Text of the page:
I know that Banks is low in reputation at the North, but he is worse off here. A new project however has been started, for restoring him to somewhat of his former good standing. It is the intention of himself and f riends to make him U. S. Senator from Louisiana, which will give him a secure berth for six years, whereby perhaps he can recuperate somewhat. This is the plan I say, at present, and it will probably be successfully carried out. It is reported by Banks himself, that he will go North about the 15th. inst. It is expected, however, that he will return in time to assist in executing the little programme above mentioned. If he tries it, he may be sure of having a bitter and public opponent in Mr. May, who, desiring no office himself, is entirely fearless, and fully appreciates Banks' characteristics.
I enclose a printed slip - being a letter to the President from Mr. Day and Mr. Fellows. Day is a Union man holding about the same opinions as Mr. Durant, while Fellows is in some degree a copperhead. Both however are much respected here.
Military affairs in this Dep't. have assumed a very different appearance since Gen. Canby took command. The brilliant success at Forts Gaines and Morgan, was due mostly to the able supervision of Gen. Canby. In fact Gen. Banks did not know where the expedition had gone, until news came back of Farragut's victory. The Ram " Tennessee ", captured by Farragut, is lying in the River, opposite the City, having come around from Mobile Bay without difficulty, although the sea was exceedingly rough. By permission of the Commodore, I went on board and examined her. She surpassed all my expectations and is much stronger than represented in any published accounts I have seen. I have seen our Iron Clad River Steamers and have seen the monitors, but think the "Tennessee" stronger and more efficient than any of them. She is built entirely new, being two years in building, and the whole Southern Confederacy was searched through for materials. Her capture was a wonderful victory.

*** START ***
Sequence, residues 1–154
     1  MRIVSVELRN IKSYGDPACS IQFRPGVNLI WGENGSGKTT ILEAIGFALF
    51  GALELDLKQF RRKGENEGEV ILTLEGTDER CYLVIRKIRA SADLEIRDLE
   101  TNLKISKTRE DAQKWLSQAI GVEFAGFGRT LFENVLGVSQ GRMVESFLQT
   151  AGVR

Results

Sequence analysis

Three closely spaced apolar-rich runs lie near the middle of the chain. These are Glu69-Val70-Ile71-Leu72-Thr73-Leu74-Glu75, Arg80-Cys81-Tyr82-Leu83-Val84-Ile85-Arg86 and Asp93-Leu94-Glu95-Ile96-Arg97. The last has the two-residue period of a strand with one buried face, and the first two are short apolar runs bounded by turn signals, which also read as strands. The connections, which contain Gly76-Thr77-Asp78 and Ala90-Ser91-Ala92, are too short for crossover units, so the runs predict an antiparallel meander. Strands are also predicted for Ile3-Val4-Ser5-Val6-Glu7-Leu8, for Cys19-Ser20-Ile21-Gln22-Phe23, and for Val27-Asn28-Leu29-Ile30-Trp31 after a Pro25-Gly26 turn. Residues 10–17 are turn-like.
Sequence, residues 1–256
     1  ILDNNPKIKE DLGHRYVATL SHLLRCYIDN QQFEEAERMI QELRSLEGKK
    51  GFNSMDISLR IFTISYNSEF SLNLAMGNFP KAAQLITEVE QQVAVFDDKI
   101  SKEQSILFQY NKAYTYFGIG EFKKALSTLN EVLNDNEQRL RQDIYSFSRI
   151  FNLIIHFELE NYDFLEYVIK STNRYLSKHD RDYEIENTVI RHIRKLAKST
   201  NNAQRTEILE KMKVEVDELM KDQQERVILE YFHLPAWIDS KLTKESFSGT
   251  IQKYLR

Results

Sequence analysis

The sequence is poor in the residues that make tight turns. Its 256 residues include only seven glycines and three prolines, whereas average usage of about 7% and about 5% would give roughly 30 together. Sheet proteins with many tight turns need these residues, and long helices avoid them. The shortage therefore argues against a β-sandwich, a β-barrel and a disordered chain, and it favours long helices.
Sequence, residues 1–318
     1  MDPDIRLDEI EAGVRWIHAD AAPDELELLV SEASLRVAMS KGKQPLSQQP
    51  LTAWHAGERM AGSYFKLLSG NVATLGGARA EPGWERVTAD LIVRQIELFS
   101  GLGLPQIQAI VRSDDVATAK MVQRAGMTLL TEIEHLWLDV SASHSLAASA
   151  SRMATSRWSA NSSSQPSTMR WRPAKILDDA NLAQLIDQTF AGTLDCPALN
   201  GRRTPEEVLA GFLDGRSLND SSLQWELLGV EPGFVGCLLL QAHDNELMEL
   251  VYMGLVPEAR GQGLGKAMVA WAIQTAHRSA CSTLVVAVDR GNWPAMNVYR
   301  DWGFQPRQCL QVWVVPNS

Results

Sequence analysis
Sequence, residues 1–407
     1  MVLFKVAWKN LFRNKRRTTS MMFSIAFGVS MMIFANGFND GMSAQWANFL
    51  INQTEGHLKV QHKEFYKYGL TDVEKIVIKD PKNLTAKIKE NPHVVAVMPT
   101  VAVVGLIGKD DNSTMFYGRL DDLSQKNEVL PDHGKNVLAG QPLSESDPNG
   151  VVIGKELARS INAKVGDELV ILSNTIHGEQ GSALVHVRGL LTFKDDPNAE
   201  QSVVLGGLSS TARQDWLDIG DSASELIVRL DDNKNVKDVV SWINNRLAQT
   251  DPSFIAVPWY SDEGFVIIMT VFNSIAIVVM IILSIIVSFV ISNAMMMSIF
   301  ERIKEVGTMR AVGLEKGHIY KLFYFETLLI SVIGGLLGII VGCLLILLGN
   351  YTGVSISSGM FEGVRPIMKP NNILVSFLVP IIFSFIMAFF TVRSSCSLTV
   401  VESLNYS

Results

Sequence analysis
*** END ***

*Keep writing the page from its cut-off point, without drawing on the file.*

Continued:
News has reached us of the nomination of McClellan at Chicago, and it seems to be the general impression here that he stands great chance of success. I watch with great interest for the appearance of some third nominee, who shall concentrate and command the loyal intelligence of the country. Otherwise it is impossible to predict what is to become of both country and cause.
My Mr. Gray has gone home sick and worn out and I have much work to do. Mr. Flanders is more unpopular than ever, and I think the outcry against him will necessitate his withdrawal or removal.

[Copy.]
EXECUTIVE MANSION,
Washington, August 9, 1864.
Major General Banks:
I have just seen the new Constitution adopted by the Convention of Louisiana and I am anxious that it shall be ratified by the people. I will thank you to let the civil officers in Louisiana, holding under me, know that this is my wish, and to let me know at once who of them openly declares for the Constitution, and who of them, if any, decline to so declare.
Yours truly, (Signed) A. LINCOLN.